Summer heat can make cars dangerous
Cracking windows not enough to cool down
It's blisteringly hot out outside and you've just spent a long day at the beach. You're worn out and hungry and anxious to get home, so you open your door and jump into your car without thinking. YOW!
Those leather seats can really heat up after a long day in the sun, whether you're at the shore or in your office parking lot. And that steering wheel? You're lucky that your hands didn't melt into it.
"People can get hurt when they get into a hot car," said Lauren Fix of the. "They'll think, 'I'll just sit on the seat,' but they'll get actual second-degree burns if they're wearing bathing suits or shorts."
In these dog days of summer, it's important to remember to take care of your car while it's parked in the hot sun. Failing to do so can lead to dangerous consequences for yourself, your children and the interior of your car.
"On a 90 degree day, in a couple of hours your car can get up to 180 degrees inside," said Fix.
Fix said she's baked food in a hot car left in the sun to demonstrate how ridiculously scorching it can get.
"I've done cookies, and they're edible. They'll actually cook up as if you put them in the oven," said Fix. "They brown up and everything on a little metal tray, and you'll actually have a meal when you come back. I've done bacon, which is really disgusting, and it actually cooked it crispy. And also I've done eggs. Frying an egg is not a problem."
Does Cracking Windows Help?
Fix also said most drivers spend little time thinking about the dangers of leaving a car in the hot sun without taking precautions.
"I'd say most drivers are not aware of it. If it's hot, they might crack the window a little bit or leave their sun roof open a little bit, but I think that's where it ends," said Fix.
People with children or pets need to be especially aware, because both will typically just jump into the back seat of a car without checking the temperature of the seats first.
The heat can also cause severe damage to your upholstery and dashboard, causing them to crack and fade. It can also damage any electrical items you might accidentally leave in your car, such as cell phones and digital cameras.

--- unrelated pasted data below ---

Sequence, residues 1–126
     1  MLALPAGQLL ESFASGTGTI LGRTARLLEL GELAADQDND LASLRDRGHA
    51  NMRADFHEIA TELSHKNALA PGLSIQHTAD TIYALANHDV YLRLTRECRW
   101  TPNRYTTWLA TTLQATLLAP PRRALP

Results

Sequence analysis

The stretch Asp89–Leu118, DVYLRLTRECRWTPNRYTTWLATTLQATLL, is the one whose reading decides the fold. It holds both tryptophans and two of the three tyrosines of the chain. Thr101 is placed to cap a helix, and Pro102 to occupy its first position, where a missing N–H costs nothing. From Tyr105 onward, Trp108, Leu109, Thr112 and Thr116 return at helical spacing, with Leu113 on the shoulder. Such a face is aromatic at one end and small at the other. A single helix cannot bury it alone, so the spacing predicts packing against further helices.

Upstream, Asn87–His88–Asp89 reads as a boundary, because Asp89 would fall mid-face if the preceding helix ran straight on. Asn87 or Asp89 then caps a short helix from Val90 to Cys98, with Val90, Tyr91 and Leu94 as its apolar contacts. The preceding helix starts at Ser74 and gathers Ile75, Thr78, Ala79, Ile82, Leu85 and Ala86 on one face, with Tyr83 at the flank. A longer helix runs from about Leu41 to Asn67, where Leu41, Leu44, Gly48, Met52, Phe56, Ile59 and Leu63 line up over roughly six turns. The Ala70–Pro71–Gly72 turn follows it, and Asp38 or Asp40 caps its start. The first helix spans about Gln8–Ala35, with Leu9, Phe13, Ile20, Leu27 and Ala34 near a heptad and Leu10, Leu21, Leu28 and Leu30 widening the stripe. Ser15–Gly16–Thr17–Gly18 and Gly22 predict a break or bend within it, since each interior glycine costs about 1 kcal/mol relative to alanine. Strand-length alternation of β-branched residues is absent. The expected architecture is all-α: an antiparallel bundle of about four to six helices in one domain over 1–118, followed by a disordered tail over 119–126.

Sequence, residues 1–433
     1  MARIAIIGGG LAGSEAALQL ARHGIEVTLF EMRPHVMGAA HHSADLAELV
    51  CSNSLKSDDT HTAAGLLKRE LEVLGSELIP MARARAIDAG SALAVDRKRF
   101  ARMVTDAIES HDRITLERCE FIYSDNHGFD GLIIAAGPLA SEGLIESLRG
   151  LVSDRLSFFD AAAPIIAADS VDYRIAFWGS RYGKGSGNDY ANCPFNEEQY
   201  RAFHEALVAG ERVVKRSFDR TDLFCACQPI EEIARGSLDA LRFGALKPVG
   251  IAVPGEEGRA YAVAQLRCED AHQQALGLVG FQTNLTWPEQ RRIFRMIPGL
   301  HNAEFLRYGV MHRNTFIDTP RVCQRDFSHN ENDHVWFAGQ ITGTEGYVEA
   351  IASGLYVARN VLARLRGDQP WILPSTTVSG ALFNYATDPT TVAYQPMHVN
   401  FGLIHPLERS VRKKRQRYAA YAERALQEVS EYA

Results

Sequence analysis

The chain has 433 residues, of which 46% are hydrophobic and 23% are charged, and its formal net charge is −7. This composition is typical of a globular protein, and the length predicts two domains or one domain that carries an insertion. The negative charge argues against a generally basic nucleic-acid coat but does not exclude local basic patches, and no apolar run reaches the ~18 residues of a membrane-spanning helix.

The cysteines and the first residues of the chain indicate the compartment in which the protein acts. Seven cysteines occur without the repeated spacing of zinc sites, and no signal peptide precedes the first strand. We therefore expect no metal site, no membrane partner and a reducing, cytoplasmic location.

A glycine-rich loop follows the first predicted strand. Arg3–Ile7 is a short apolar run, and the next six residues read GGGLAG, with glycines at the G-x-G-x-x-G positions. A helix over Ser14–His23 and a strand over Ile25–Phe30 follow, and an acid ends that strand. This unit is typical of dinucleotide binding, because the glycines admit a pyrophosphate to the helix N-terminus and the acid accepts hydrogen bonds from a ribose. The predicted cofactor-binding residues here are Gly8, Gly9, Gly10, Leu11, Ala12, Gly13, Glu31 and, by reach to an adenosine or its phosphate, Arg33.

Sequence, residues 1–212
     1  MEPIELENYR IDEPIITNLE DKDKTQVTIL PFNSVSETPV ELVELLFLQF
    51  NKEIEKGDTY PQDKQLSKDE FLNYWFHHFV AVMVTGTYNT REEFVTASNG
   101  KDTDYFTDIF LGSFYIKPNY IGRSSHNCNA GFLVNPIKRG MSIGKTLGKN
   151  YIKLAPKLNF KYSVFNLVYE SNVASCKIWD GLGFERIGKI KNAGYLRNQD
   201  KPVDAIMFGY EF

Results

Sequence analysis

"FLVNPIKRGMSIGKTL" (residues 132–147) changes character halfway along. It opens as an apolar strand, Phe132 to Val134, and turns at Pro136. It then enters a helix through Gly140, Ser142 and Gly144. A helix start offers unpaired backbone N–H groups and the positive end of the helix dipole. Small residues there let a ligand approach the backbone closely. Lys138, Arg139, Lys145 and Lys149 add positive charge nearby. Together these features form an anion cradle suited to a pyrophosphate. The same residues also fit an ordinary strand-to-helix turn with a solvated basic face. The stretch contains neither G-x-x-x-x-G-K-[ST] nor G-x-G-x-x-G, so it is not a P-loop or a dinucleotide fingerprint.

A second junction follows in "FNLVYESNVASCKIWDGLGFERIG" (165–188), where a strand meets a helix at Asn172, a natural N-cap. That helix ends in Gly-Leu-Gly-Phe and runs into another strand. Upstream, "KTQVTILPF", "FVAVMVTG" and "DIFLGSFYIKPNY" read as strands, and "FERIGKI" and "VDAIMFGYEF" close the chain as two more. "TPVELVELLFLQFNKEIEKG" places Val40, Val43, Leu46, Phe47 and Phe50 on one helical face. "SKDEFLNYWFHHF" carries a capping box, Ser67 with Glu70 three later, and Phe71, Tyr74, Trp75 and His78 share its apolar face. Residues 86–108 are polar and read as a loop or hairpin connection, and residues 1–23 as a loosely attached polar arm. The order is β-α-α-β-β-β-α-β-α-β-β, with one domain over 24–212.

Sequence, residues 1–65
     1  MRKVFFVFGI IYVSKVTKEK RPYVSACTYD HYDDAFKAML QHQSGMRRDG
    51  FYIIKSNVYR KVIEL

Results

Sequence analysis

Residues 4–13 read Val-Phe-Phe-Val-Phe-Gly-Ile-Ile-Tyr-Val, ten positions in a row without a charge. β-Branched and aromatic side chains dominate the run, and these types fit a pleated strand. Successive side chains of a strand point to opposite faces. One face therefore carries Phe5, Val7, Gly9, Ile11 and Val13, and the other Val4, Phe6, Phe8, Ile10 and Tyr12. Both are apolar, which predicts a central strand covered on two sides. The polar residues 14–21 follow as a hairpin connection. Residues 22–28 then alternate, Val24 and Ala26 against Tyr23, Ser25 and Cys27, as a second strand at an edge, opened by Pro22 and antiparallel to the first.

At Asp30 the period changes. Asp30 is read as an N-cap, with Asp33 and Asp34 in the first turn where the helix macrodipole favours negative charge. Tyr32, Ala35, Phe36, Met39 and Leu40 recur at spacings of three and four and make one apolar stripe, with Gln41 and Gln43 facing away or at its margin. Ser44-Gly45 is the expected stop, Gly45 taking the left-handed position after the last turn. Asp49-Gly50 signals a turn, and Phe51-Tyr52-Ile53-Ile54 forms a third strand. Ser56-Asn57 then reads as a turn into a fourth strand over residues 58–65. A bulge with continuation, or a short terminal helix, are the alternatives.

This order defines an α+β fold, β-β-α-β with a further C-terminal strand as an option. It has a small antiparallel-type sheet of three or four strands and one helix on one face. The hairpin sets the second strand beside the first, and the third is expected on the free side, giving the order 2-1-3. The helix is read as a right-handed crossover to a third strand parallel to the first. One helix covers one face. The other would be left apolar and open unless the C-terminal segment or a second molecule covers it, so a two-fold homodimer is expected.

"It also fades carpet and steering wheels," said Fix. "Think about anything you might leave in your car, like lipstick or CDs. We've seen CDs actually melt while in the radio."
So, what can you do to keep the interior temperature down and your skin safe from hot seats?
Get Some Shade
The first thing you can do is invest in some seat and steering wheel covers and a windshield screen. The seat covers will keep the seats and steering wheel safe to the touch. Windshield screens, which cost an average of $20 to $50, will only take a minute to put up each day but can drastically reduce the interior temperature.
"They can actually lower the temperature in your car by 50 degrees, and that can make all the difference," said Fix.
Another option is to buy a window fan, which will blow the hot air out of your car all day. You can get one that can plug into your lighter and there are also solar fans available.
One permanent option is to have your windows tinted. Costs vary, but a decent tint job can be found for a few hundred dollars. There are also many do-it-yourself tinting kits.
"If you don't like going into your car when its all hot and stuffy, and you don't like touching your steering wheel when it's already 110 degrees, or waiting for the AC to finish cooling your car before you can drive it, window tinting is an excellent choice," said Harrison Hung of
Tinted windows will keep the temperature down in your car while it is parked and also add many benefits while driving.
"With window tinting, you get an add-on, because your AC is not working as hard when your car isn't as hot, and you can save maybe one or two miles per gallon," said Hung.
Tinting laws vary state by state, so make sure to check the particular target="_blank">laws where you live</a>.
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